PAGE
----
Striking Oil Workers Agree to Talk to Shell This Week

The United Steelworkers union, representing 30,000 oil workers in contract negotiations, plans to talk this week with Royal Dutch Shell Plc, bargaining on behalf of oil companies amid the biggest U.S. refinery strike in 35 years.

Shell and the union, with members at more than 200 U.S. refineries, fuel terminals, pipelines and chemical plants, agreed Friday to be in contact this week after reviewing proposals, USW International President Leo Gerard said at a conference in Atlanta on Tuesday. Shell spokesman Ray Fisher said by e-mail that the company had “no confirmed plans” to resume negotiations.

The stalled negotiations are prolonging a walkout that began Feb. 1 at seven refineries, expanded to nine a week later and added three more over the weekend, including the nation’s biggest complex. Together, the plants account for almost 20 percent of the country’s refining capacity. It’s the first national walkout of U.S. oil workers since 1980, when a work stoppage lasted three months.

A further expansion of the strike will depend “on the next round of negotiations,” Gerard said at a labor conference organized by the American Federation of Labor and Congress of Industrial Organizations. “And I hope that happens reasonably quickly.”

Fisher said by e-mail late Tuesday that Shell “remains willing to meet with the USW to continue to negotiate in good faith.”

Motiva Walkout

Late on Feb. 20, the USW called on workers at Motiva Enterprises LLC’s Port Arthur, Texas, refinery, the nation’s largest, to join the strike. It also ordered members at the company’s refineries in Convent and Norco, Louisiana, to walk out. Motiva is a joint venture venture between Shell and Saudi Arabian Oil Co.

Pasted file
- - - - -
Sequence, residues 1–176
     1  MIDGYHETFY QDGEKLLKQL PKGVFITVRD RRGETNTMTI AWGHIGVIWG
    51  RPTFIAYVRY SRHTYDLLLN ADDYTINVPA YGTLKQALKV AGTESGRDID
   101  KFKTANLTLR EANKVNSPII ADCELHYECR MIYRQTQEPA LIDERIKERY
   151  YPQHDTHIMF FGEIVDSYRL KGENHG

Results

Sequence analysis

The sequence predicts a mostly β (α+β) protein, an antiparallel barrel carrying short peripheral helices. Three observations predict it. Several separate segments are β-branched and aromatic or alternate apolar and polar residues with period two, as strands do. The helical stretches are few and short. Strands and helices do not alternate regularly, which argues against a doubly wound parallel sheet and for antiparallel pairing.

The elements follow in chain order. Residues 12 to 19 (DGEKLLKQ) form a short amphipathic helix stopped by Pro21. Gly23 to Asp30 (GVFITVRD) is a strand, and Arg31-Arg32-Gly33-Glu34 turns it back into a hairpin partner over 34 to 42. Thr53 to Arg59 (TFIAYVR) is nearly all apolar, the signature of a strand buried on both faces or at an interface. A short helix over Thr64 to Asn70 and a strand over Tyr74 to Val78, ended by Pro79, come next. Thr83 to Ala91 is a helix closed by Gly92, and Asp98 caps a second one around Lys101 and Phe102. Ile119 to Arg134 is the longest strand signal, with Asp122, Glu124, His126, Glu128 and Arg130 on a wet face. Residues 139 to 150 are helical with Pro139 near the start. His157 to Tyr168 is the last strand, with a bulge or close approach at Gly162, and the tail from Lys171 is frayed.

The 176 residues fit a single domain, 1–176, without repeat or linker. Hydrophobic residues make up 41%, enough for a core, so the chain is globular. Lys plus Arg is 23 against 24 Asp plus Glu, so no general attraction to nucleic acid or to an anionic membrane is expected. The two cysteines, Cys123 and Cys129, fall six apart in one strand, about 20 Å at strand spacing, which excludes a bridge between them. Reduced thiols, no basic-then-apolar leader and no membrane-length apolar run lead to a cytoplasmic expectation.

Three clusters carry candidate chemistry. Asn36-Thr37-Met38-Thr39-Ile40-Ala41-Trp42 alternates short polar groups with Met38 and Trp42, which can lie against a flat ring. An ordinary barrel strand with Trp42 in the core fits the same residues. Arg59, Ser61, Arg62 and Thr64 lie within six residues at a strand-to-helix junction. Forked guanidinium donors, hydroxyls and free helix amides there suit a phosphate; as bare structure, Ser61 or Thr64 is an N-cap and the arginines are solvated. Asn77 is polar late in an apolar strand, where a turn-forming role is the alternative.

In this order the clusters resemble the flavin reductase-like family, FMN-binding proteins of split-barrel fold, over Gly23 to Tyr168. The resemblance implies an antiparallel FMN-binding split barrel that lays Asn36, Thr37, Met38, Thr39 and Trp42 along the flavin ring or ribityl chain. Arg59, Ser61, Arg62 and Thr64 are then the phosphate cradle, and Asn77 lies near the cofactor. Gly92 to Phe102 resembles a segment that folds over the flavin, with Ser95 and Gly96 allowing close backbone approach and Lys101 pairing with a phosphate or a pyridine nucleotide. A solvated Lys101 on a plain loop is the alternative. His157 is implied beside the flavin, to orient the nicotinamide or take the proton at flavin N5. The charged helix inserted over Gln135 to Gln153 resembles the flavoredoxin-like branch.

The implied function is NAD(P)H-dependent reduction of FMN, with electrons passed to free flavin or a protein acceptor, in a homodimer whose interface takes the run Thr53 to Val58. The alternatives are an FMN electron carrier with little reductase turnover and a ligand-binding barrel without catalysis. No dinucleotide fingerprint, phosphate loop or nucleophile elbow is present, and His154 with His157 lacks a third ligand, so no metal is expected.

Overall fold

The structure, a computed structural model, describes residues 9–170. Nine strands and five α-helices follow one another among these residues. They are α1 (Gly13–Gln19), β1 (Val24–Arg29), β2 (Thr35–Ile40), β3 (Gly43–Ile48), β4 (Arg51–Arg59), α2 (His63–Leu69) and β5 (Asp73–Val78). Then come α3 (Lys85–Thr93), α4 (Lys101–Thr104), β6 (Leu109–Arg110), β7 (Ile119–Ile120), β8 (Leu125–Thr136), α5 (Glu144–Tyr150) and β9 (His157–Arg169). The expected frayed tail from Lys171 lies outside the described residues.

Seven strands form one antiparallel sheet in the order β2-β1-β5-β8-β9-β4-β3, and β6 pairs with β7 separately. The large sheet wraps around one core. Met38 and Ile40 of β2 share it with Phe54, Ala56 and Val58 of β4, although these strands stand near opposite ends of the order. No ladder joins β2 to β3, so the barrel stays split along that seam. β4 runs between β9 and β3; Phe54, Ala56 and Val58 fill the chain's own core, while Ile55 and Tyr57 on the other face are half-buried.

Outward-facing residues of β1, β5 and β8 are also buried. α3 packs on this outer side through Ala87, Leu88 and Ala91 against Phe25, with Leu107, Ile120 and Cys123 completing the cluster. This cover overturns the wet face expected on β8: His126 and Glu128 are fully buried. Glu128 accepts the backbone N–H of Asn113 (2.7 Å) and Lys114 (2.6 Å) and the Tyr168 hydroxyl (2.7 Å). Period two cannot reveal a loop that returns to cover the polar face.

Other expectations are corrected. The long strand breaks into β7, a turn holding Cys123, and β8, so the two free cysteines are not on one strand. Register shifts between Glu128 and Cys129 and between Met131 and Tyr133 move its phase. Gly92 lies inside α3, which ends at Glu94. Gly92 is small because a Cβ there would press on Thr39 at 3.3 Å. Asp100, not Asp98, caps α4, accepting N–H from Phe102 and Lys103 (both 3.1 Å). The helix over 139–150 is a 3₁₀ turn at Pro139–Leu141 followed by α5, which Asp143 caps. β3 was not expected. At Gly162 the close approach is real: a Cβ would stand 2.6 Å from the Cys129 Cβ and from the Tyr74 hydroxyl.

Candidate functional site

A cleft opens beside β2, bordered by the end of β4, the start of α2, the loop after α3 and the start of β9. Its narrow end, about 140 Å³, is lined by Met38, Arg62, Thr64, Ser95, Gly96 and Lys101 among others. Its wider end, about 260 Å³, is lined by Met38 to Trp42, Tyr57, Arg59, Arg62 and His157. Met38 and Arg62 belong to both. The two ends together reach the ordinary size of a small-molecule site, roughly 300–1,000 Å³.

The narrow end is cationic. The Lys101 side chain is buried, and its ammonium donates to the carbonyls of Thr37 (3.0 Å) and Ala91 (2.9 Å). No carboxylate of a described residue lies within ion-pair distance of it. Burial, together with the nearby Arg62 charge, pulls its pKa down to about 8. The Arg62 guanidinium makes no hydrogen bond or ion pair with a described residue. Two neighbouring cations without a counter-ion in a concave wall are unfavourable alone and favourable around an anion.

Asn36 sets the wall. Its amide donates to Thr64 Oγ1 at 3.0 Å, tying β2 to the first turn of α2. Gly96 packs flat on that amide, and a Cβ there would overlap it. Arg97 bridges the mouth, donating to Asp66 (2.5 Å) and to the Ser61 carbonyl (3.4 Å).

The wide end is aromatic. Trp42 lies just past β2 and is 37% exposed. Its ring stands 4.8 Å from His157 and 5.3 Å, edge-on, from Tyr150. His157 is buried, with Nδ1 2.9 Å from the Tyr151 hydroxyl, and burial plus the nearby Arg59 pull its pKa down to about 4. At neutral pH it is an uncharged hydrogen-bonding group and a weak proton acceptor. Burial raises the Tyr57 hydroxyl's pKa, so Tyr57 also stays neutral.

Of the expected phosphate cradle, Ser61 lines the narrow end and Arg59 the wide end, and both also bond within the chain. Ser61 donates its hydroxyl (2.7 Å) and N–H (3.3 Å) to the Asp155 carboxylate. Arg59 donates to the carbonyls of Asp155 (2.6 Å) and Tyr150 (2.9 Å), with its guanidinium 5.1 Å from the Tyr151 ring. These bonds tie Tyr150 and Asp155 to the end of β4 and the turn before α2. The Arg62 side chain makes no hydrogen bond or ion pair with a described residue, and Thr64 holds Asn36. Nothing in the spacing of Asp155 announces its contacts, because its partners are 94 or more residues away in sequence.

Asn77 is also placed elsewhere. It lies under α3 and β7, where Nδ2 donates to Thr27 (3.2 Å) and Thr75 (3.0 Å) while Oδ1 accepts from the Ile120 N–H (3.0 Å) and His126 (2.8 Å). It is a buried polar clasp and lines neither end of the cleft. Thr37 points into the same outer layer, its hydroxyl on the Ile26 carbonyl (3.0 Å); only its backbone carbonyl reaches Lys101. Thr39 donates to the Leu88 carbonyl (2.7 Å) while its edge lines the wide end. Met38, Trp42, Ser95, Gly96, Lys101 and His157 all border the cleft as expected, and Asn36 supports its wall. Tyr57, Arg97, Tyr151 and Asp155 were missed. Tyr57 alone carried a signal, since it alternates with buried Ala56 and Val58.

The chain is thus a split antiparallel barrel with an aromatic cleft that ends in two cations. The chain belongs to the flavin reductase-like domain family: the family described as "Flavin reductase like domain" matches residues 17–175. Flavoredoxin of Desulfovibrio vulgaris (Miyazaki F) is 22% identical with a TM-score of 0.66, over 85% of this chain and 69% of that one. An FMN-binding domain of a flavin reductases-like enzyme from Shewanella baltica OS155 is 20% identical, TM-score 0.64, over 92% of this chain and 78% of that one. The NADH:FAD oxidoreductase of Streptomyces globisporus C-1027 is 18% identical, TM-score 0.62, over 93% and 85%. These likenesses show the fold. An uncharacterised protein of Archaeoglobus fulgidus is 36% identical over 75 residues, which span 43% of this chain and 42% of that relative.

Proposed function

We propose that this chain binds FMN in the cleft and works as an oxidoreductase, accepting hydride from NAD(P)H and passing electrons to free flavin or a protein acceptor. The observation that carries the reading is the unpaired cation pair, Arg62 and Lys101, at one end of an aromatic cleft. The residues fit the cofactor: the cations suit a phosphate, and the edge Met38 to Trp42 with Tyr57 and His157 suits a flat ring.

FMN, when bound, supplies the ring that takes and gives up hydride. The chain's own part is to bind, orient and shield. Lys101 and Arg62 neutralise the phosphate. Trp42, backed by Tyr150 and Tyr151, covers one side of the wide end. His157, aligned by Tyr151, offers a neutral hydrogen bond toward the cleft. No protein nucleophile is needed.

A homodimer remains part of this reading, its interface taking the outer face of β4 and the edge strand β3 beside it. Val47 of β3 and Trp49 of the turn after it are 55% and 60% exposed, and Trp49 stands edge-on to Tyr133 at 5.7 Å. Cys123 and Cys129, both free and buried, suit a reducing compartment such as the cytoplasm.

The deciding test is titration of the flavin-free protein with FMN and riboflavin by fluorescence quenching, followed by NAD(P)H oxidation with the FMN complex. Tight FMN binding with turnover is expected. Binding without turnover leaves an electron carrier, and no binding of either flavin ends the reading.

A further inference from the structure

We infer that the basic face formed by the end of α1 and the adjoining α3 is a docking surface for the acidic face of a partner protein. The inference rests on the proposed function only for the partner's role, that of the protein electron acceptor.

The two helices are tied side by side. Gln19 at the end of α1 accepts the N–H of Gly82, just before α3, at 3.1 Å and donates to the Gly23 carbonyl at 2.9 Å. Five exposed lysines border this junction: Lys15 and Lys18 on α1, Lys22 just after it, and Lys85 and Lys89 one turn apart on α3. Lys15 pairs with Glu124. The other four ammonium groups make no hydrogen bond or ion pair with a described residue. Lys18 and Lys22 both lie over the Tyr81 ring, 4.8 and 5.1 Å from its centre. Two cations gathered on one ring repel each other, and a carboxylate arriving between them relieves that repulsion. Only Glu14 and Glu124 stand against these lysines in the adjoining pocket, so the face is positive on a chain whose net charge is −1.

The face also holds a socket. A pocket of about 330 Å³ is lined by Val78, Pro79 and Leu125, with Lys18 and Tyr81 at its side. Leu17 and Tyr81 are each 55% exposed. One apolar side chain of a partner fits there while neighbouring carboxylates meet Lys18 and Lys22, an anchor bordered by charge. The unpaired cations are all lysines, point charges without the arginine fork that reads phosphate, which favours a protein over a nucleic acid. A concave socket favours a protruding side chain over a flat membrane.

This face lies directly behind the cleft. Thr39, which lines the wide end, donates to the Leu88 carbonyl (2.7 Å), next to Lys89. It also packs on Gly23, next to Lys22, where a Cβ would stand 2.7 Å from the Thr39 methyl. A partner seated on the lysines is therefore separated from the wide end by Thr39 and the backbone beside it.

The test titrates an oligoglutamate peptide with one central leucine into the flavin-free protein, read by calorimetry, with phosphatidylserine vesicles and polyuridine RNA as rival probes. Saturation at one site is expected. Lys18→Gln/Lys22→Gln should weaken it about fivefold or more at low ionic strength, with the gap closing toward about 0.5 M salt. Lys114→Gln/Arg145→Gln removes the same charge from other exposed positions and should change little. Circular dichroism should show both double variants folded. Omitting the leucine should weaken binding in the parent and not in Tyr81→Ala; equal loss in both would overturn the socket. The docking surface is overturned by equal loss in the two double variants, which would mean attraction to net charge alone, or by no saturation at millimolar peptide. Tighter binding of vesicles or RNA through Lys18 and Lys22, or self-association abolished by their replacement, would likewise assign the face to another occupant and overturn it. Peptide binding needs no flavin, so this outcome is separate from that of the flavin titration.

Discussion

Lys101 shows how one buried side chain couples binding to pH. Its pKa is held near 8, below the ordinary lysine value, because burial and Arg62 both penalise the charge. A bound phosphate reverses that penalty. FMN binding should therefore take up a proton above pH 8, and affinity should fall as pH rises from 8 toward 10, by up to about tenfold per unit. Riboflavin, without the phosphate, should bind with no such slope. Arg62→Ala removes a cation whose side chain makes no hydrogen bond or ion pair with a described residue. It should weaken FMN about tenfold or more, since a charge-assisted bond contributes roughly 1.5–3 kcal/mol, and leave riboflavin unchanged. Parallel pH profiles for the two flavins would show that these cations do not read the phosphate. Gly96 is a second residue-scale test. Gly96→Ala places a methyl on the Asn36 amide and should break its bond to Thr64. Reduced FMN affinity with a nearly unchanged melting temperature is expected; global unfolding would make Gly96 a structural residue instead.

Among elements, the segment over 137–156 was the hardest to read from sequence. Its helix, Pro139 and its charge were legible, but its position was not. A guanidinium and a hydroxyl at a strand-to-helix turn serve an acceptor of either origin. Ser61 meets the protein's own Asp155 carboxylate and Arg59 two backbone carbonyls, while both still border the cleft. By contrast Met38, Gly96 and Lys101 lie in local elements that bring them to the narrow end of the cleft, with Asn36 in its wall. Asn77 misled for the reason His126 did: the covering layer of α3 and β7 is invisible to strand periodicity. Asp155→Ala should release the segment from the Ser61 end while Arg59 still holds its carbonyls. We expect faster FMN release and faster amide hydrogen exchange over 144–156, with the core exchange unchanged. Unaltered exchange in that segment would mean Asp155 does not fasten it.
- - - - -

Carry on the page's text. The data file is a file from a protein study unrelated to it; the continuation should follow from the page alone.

Workers were already on strike at Tesoro Corp.’s plants in Martinez and Carson, California, and Anacortes, Washington; Marathon Petroleum Corp.’s Catlettsburg complex in Kentucky and Galveston Bay site in Texas; Shell’s Deer Park complex in Texas; LyondellBasell Industries NV’s Houston plant; and BP Plc’s Whiting, Indiana, and Toledo, Ohio, refineries.

In all, the USW represents workers at sites that together account for 64 percent of U.S. fuel output.

The union has rejected seven contract offers from Shell, which is representing companies including Exxon Mobil Corp. and Chevron Corp. in the negotiations.

Contract Demands

The USW has been asking for tougher measures to prevent fatigue, maintain staffing and keep union workers rather than contract employees on the jobs. Refineries are understaffed by anywhere from 18 percent to 25 percent, Gerard said on Tuesday.

“Our fight is not just a fight for our members,” he said. “It’s a fight to make these refineries as safe as possible, certainly safer than they are now.”

The USW is demanding that Shell replace maintenance contractors with USW-represented employees, Fisher said. The requirement is “unreasonable,” removing the company’s flexibility in hiring to accommodate work schedules, he said. Shell provided “an extensive amount of information” last week that was requested by the union relating to the use of contractors at plants, he said.

About 6,550 people are now on strike, according to USW estimates. The work stoppage also covers a Marathon cogeneration plant in Texas and two Shell chemical plants in Texas and Louisiana.

United Steelworkers members operate refinery units, perform maintenance and work in labs at the plants.

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